Edification of the saved. It is obvious to the casual student of the scriptures that the local church occupied a place of chief importance to the First Century Christians. A number of specific duties and commandments can only be executed within the context of the local church. For instance, "laying by in store" (treasury), and "coming together to break bread" (Lord's Supper) all involve the local church (Col. 3: 16; I Cor. 16: 1, 2; Acts 20: 7). Hence, Christians are warned "Not forsaking the assembling of ourselves together…" (Heb. 10: 25). To forsake has serious attendant and resultant consequences (vs. 26 ff.). It is in regards to the local church that Paul penned the following: "From whom the whole body fitly joined together and compacted by that which every joint supplieth, according to the effectual working in the measure of every part, maketh increase of the body unto the edifying of itself in love" (Eph. 4: 16).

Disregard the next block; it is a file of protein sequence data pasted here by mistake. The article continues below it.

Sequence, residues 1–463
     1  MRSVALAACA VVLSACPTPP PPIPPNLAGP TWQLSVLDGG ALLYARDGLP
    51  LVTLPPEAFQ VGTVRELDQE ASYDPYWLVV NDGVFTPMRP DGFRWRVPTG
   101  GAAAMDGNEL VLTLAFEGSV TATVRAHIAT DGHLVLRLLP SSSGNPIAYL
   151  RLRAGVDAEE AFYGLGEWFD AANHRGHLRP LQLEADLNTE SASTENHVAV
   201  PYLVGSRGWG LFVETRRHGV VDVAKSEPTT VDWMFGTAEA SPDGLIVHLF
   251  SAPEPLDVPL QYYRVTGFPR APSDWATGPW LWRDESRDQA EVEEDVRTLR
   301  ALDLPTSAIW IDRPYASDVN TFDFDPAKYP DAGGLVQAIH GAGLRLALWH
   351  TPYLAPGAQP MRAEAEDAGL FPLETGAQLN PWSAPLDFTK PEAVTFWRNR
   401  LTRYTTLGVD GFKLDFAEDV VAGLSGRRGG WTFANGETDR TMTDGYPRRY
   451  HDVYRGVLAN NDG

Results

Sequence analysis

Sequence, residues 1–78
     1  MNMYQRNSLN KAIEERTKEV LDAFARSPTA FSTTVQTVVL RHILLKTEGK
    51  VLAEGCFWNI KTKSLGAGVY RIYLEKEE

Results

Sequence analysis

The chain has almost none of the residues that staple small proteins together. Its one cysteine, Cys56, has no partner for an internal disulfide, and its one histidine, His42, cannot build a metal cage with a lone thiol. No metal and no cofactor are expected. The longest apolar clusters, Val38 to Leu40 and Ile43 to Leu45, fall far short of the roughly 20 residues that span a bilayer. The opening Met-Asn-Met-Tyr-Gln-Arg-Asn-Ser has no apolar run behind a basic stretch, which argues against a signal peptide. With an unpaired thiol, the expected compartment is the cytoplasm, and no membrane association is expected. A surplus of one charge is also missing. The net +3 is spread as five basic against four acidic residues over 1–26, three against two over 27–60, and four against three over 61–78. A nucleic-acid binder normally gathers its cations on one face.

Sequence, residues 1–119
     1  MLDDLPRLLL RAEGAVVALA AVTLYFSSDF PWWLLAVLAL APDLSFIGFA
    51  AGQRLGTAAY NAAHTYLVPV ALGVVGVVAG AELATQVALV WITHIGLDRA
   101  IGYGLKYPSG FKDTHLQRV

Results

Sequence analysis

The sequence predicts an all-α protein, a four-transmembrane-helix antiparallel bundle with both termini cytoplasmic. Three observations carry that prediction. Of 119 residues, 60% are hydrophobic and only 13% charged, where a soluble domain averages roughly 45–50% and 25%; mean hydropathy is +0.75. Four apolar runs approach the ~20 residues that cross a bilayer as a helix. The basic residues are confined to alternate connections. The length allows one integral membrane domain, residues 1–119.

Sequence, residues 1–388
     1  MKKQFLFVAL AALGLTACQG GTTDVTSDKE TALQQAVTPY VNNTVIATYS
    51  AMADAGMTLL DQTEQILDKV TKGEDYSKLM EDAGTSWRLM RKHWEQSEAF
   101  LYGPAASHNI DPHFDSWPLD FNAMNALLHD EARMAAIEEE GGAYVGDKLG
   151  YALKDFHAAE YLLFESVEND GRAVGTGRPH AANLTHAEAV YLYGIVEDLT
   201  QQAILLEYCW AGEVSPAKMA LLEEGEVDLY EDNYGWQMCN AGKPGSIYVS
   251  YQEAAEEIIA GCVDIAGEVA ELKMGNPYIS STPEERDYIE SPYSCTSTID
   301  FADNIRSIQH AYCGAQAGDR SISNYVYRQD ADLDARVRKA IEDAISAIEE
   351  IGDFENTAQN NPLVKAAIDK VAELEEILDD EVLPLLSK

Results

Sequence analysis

It is in the local church climate that each member often contributes to the up building or edification of others (reciprocal action, cp. Eph. 5: 19). The edification is mutual in that each is edified through the reciprocal singing, admonition, provoking to good works, Bible study, etc. The local preacher, when present, greatly contributes to the up building of the saints (1 Thes. 3: 2, see addendum). The local elders watch for the safety and up building of the local saints concerning whom they shepherd (Heb. 13: 7, 17).